Easter Traditions In Western Europe

As in the Orthodox tradition, the date for celebrating Catholic Easter (Easter in German Ostern) is determined by the church calendar and, therefore, changes every year. In 2018, Easter in Germany, Austria and Switzerland is celebrated on 1 April.

In Europe, Easter is celebrated not only by deeply religious people, but also by people far from the church. Many Europeans associate this holiday with the beginning of spring, the blossoming and awakening of nature. On Easter weekends, often the first warm, truly spring days, many families go to the countryside and spend time outdoors.

The main symbols of Easter in Europe are the painted eggs and the Easter Bunny. They can be found in almost every home, in shop windows, on the main squares of towns and cities. Europeans in advance and with enviable diligence decorate their homes and areas around the house before the holiday.

Easter traditions in Western European countries
Easter traditions are an integral part of European culture. They have a deep symbolic meaning and are rooted not only in religious injunctions, but also in life and everyday life in ancient times.

Many of the Western European Easter traditions are familiar to us. For example, the tradition of dyeing and exchanging eggs on Easter. You may be reading about some of these customs for the first time.

Easter egg hunt (die Ostereiersuche): a traditional activity for children. Many parents organise Easter egg hunts for their young children. For this purpose, usually chocolate eggs and bird’s nests are hidden in the garden, in the house or in the apartment, with small presents inside, which are believed to have been brought and hidden by the Easter Bunny, and the children try to find them.

The familiar tradition of hitting eggs at Easter (Eierpecken, Ostereiertitschen or Eiertütschen) also exists in Western Europe. Normally, at breakfast, the members of the family organize a small competition: two hard boiled eggs are beaten against each other. The winner is the one whose egg remains intact.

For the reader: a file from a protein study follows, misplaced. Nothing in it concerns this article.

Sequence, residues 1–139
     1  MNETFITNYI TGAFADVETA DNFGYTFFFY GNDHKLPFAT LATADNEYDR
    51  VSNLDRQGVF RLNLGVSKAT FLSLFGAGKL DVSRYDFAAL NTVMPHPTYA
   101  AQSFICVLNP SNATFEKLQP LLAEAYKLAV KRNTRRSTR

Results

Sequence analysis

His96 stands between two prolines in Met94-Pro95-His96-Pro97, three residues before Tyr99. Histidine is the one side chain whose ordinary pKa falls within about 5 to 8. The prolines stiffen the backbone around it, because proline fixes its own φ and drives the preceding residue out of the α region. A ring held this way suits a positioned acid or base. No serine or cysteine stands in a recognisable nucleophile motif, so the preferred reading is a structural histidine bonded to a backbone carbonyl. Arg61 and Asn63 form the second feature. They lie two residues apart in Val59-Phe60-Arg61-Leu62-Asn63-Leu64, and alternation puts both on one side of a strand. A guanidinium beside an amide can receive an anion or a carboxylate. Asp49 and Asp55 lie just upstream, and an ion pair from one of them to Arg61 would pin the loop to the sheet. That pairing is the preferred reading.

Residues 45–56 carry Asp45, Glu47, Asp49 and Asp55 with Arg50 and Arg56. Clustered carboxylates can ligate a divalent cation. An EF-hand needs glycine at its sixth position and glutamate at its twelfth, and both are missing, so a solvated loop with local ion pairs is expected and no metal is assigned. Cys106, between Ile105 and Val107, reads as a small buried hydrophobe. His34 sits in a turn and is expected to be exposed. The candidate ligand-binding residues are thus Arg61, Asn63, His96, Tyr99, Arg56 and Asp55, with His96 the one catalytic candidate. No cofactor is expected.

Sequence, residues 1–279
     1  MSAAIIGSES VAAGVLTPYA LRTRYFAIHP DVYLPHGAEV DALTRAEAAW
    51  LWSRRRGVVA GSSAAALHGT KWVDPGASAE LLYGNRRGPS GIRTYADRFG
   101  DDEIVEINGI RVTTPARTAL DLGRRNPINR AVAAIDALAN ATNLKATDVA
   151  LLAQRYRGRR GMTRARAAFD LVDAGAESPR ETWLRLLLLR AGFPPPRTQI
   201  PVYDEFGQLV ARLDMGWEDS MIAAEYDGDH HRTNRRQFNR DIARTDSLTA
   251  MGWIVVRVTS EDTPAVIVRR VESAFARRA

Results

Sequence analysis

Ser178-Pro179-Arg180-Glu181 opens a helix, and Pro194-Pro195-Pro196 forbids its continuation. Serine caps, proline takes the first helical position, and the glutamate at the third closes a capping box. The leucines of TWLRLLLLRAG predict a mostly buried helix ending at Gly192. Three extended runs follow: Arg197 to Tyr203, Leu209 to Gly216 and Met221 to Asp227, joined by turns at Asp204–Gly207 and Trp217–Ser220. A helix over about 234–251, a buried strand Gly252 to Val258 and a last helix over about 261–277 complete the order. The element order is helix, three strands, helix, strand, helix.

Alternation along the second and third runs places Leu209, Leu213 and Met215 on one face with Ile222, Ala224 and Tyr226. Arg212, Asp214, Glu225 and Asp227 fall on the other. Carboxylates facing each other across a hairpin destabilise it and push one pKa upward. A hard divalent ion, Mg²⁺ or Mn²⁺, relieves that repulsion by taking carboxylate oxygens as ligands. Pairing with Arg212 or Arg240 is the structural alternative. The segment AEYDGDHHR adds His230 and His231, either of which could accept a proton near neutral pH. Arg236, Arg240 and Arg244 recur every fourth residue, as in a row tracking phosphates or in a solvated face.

Another familiar Easter tradition is the consecration of sprigs of palm (Palmkatzerl or Palmkätzchen). For example, in Austria it is customary to consecrate sprigs of willow in church and place them in a vase in the living room. Sometimes sprigs are decorated with decorative multi-coloured eggs.

What can there be Easter without kulich? And in Europe, it’s impossible to imagine Easter without a special Easter pastry! In Germany, many bakeries offer a special Easter lamb (das Osterlamm) in the form of a sweet pastry prepared according to a special recipe.

On the night before Easter, it is customary in many regions of Germany to light an Easter bonfire (das Osterfeuer). The fire symbolizes the sun. The sun, in turn, gives birth to new life, symbolises fertility, blossoms and signifies the arrival of spring.

And finally, a video about the Easter Bunny in German. Useful for all ladies interested in the history of Easter traditions in Europe and learning German 😉

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